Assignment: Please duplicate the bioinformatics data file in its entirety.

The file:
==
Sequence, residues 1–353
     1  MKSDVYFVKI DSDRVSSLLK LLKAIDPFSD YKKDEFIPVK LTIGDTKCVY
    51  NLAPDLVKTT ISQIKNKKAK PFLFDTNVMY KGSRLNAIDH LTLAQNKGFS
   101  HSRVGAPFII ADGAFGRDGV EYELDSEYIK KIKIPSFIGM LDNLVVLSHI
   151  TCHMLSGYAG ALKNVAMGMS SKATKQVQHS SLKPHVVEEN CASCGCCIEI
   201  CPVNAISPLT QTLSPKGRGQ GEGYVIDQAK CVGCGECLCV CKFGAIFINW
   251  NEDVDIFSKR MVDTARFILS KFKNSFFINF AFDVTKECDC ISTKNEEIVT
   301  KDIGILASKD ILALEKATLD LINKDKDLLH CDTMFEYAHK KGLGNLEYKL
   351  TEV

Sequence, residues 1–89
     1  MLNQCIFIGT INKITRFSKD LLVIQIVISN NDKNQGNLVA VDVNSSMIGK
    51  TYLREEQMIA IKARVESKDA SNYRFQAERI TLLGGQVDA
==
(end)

Sequence, residues 1–353
     1  MKSDVYFVKI DSDRVSSLLK LLKAIDPFSD YKKDEFIPVK LTIGDTKCVY
    51  NLAPDLVKTT ISQIKNKKAK PFLFDTNVMY KGSRLNAIDH LTLAQNKGFS
   101  HSRVGAPFII ADGAFGRDGV EYELDSEYIK KIKIPSFIGM LDNLVVLSHI
   151  TCHMLSGYAG ALKNVAMGMS SKATKQVQHS SLKPHVVEEN CASCGCCIEI
   201  CPVNAISPLT QTLSPKGRGQ GEGYVIDQAK CVGCGECLCV CKFGAIFINW
   251  NEDVDIFSKR MVDTARFILS KFKNSFFINF AFDVTKECDC ISTKNEEIVT
   301  KDIGILASKD ILALEKATLD LINKDKDLLH CDTMFEYAHK KGLGNLEYKL
   351  TEV

Sequence, residues 1–89
     1  MLNQCIFIGT INKITRFSKD LLVIQIVISN NDKNQGNLVA VDVNSSMIGK
    51  TYLREEQMIA IKARVESKDA SNYRFQAERI TLLGGQVDA